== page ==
How does an artwork evolve? Chance or planning?

I begin by conceiving an idea or a theme for a painting or series. I will then spend time researching that theme via books, internet, film, museums, etc, and further clarify the direction of the work. I will then source photographic reference, either by setting up my own small photoshoots or using found reference. I greatly admire those gifted with a photographic memory who are able to draw from the pictures in their mind – but that is not me. I like to surround myself with as much information as possible about the subjects before I begin. Then, halfway through the process, the painting begins. By this time I have planned out much of the composition and materials I will incorporate. But I never have a preconceived idea set in stone of how the piece will look when finished, and I always surprise myself with the outcome.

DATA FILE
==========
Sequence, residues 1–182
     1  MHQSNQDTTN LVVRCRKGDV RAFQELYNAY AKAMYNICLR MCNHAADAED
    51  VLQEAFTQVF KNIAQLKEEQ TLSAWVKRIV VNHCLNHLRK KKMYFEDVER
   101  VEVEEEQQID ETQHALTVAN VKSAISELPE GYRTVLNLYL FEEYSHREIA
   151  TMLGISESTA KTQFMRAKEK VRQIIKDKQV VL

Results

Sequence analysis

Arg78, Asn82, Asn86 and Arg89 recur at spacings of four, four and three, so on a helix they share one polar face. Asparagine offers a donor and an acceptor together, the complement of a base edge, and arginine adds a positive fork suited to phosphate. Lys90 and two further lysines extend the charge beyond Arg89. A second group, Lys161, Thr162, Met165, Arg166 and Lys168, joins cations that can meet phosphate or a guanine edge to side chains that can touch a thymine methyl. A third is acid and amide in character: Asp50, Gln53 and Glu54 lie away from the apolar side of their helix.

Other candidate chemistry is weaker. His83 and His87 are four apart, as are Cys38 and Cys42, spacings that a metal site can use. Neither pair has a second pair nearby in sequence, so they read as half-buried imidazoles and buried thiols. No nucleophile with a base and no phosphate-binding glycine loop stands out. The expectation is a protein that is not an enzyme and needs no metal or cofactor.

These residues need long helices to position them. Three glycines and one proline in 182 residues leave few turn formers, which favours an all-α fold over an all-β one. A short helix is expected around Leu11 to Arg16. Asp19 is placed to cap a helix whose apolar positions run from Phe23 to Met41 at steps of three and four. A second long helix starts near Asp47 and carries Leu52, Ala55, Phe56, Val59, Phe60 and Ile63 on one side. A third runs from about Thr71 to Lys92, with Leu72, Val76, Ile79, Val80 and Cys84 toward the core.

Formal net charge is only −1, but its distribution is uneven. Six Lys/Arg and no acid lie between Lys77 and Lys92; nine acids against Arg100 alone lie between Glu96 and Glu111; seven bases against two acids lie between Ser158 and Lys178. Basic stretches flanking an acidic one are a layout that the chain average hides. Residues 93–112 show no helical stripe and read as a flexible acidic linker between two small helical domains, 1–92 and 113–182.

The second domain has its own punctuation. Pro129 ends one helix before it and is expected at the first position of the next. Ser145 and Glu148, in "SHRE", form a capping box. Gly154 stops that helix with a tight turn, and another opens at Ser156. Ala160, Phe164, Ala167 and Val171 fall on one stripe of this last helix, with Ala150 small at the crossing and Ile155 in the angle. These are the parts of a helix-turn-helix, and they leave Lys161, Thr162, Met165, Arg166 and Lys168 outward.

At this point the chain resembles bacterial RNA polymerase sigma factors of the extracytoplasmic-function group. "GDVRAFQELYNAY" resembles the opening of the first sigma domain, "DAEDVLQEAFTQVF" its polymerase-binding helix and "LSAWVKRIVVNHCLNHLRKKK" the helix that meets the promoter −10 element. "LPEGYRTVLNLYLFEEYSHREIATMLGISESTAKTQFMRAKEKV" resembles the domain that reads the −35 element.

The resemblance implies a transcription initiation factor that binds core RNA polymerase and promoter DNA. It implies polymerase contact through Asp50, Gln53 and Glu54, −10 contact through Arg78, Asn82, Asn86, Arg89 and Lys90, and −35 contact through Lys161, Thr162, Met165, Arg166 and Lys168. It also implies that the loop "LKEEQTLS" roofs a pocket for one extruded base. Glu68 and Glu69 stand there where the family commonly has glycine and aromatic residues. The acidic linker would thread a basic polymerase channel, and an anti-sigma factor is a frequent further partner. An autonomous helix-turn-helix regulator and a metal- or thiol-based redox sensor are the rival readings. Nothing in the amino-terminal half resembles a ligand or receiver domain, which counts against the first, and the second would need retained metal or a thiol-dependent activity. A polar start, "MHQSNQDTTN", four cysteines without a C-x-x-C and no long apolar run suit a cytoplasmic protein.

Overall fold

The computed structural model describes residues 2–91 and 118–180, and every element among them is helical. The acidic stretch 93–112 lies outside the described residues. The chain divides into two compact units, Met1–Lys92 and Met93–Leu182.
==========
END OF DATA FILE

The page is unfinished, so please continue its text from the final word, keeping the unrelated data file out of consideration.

Does your desk feel like "home"?

It feels like a perfect combination of production and madness.

How do you balance creativity and chaos?

I don't - I just work through it! But time out with my hens, yoga and swimming often help.

You have chicken and cow friends to keep you company!

The cows don't have names as they often leave us for market - so I try not to get attached. Although there have been several generations of white-faced Santa Gertrudis calfs that have been named 'Baby White Face I, II, III' etc. Our last Bull, named Dave, made an appearance on a canvas bag I painted and embroidered with a Richard Brautigan poem for an LMFF show at The Australian Poetry Centre. 

My chickens are adopted ex-battery hens and are named as follows: Lee Mellon, Sal Paradise, Angelina, Ignatius J.Reilly, Joanie, Sunny and Isabella Blow. 

A Billy Idol quote that inspires you!

OK, I narrowed it down to three:
 

Russian roulette no fun / I don't need a gun / I just need someone
 
If I had the chance / I'd ask the world to dance / And not be dancing with myself